Under the US$605 million deal, Boeing will build WGS-11, which will be completed and ready for launch by late 2023.
However, the curious bit is that the US Air Force considered the WGS constellation complete with the launch of WGS-10 in March this year.
It never sought funding for WGS-11, let alone WGS-12. However, the US Congress inserted funding for both into the 2018 US defence budget, with the contract with Boeing for WGS-11 announced late last week.
The WGS network provides fast, secure, high capacity satellite communications in the X- and Ka-bands for US and ally forces.
Australia paid its dues by funding WGS-6 and has access to the entire network and its capabilities, progressively rolling out the necessary infrastructure to access the WGS network.
Other WGS partners are Canada, Denmark, New Zealand, the Netherlands, Luxembourg, Norway and the Czech Republic, each with access to the capabilities provided by the full WGS system.
WGS progressively replaced the older US Defense Satellite Communications System (DSCS), of which the first satellite was launched in 1966. Each WGS reportedly offers the same capacity as the entire DSCS constellation.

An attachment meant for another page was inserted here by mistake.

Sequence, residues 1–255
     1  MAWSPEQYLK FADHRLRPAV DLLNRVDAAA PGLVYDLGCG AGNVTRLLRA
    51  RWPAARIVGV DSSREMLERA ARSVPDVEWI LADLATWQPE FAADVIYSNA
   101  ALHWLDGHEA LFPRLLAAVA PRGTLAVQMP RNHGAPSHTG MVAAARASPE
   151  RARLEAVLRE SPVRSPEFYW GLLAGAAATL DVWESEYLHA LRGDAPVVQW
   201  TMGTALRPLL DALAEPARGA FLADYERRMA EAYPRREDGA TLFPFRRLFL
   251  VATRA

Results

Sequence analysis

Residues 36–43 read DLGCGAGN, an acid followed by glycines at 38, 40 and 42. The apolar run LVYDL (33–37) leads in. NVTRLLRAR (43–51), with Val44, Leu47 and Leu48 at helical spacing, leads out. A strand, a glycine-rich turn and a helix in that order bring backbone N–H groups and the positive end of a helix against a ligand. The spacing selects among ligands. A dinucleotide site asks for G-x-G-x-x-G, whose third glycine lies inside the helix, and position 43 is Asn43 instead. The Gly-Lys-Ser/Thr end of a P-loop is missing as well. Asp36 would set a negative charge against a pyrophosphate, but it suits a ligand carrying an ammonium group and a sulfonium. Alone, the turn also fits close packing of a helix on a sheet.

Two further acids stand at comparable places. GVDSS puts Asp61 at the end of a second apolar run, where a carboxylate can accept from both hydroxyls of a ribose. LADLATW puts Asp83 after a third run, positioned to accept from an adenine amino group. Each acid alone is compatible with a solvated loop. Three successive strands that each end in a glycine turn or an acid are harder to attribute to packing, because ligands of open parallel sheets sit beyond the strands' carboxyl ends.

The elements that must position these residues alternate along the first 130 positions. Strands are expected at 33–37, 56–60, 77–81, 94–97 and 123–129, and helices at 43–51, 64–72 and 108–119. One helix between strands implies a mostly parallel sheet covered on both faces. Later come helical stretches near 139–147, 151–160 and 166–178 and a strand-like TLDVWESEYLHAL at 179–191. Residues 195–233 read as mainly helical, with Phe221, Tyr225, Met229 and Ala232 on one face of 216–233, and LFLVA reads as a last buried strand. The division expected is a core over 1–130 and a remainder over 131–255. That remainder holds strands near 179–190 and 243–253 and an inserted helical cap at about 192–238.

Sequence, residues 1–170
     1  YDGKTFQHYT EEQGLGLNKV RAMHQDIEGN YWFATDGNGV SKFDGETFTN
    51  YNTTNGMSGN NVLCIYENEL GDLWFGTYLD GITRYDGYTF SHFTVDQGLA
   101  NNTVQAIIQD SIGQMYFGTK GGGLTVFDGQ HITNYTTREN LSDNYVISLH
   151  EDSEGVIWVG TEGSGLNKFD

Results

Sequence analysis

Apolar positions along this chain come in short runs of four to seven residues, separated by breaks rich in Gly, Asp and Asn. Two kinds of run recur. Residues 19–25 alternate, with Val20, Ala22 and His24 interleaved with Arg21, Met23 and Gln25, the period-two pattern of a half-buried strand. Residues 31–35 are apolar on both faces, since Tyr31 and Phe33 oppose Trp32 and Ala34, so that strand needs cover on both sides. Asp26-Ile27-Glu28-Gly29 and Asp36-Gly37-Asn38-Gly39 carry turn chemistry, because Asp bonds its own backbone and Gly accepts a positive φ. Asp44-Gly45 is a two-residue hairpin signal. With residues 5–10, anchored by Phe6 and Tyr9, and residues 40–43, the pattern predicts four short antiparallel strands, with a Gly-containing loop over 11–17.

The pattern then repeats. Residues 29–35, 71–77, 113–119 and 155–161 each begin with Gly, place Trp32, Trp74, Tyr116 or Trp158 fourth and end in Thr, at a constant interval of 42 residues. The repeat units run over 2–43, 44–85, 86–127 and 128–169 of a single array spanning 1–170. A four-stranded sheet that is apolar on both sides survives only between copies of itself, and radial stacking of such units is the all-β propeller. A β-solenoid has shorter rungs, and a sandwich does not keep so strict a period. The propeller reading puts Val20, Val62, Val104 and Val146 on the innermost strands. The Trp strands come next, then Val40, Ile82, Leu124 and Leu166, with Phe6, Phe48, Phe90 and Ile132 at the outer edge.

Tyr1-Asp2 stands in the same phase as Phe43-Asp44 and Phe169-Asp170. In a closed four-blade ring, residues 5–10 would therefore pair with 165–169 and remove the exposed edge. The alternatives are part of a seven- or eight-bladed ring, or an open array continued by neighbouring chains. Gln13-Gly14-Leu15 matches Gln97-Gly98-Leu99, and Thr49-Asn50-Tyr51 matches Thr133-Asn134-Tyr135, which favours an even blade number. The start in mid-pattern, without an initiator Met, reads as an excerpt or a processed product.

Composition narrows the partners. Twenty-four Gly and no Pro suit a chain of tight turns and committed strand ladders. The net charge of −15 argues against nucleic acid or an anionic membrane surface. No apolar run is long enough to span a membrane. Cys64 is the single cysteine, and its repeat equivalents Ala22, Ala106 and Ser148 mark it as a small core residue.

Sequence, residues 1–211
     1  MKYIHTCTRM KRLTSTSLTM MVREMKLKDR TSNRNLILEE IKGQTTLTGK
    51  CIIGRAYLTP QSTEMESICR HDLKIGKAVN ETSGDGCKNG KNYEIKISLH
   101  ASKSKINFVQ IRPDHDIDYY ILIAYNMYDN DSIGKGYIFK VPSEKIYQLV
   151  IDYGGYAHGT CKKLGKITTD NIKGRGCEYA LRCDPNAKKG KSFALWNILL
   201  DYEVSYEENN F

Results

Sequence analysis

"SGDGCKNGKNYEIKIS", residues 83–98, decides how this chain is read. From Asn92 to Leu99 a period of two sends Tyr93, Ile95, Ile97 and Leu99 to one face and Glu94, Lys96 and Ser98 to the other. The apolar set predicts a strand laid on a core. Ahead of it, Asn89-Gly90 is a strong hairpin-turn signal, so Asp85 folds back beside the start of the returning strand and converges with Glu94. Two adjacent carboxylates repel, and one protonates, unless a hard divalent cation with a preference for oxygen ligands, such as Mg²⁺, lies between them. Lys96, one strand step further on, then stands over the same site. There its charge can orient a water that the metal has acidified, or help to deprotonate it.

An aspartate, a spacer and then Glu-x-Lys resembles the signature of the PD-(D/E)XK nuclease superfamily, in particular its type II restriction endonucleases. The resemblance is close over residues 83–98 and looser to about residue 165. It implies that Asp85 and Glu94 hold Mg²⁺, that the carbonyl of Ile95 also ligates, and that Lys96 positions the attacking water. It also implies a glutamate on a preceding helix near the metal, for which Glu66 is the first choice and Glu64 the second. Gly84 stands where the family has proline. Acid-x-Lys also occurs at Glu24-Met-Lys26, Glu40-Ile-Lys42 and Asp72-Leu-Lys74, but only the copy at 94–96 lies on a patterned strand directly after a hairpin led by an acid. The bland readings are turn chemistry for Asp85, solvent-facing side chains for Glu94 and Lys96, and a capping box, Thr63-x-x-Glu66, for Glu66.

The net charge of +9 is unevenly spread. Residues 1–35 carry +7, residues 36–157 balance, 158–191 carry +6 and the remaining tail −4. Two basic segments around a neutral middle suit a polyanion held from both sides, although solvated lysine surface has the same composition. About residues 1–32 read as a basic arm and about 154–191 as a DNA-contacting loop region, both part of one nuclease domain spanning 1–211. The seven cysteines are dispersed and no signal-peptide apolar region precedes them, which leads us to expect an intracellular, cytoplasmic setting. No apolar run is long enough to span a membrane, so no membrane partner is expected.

Boeing has been the prime contractor for all the WGS vehicles since 2001. The first WGS was launched in 2007.
WGS satellites have been produced in three blocks, each providing increased capability.
The US Air Force had been considering what would come after WGS, with a number of options on the table including buying services from the booming commercial satellite market.
But then Congress quite unexpectedly provided funding for WGS-11 and WGS-12, although it made no appropriation for launch costs, which would likely add the same again.
With new satellites it didn’t really want or plan for on the way, the US Air Force now has a fresh dilemma and also, it appears, some opportunities.
One possibility is to double the capacity of earlier WGS satellites so there’s no need for WGS-12. Boeing is considering taking care of the launch, using commercial launch services to reduce the costs.
US Air Force is also asking Boeing to help recruit international partners to contribute to the costs of WGS-11 and its launch. Australia could well be asked to chip in.
USAF Lieutenant General John Thompson, Commander of the Air Force Space and Missile Systems Center, said it was working with Boeing and the US military to adhere to the intent of Congress.
“….but (we) don’t do things the same old way we’ve always done with respect to procuring WGS satellites,” he told the media at the recent space symposium in Colorado, US.
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